Every unhappy family is unhappy in its own way, unless the family consists of a morally depraved patriarch and three highly differentiated siblings who, after years out of contact with each other, convene at the family home for a slowly escalating mess made inevitable by their respective and collective dysfunctions, in which case that family is unhappy in the same way as the Karamazovs.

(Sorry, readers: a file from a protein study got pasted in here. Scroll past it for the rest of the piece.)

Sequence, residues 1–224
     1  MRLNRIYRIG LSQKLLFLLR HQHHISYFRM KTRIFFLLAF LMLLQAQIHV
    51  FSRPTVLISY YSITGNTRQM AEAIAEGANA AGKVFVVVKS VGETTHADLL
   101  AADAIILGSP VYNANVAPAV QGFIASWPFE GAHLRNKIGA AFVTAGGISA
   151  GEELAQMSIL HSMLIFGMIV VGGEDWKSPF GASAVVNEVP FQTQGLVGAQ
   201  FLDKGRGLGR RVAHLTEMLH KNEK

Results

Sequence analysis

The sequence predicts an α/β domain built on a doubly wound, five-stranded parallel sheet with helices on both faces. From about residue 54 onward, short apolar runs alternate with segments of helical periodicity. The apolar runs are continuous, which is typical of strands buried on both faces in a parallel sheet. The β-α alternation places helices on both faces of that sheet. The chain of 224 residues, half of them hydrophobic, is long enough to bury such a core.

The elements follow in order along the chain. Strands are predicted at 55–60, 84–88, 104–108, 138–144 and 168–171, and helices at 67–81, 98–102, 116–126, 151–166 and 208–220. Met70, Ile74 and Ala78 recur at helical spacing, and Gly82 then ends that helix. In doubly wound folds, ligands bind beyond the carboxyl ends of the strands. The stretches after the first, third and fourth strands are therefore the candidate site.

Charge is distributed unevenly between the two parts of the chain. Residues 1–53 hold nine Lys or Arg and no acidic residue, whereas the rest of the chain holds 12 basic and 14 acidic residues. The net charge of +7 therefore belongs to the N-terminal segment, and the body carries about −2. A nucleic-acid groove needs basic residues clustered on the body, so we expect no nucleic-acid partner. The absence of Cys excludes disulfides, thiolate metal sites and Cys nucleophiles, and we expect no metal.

If the same family is subjected to a criminal prosecution after being set up by a conniving quasi-sibling, if the brothers keep trying to mooch money off the family, and if the eldest brother is brash, the middle one smart, and the youngest one saintly, then we have to consider the possibility that this family actually is the Karamazovs, even if they call themselves the Bluths and they appear in an early 2000s Fox sitcom and not a nineteenth-century Russian novel. In which case Mitch Hurwitz (who has a degree in theology from Georgetown) is Dostoevsky. That’s probably the most farfetched parallel in this comparison. The rest are uncanny.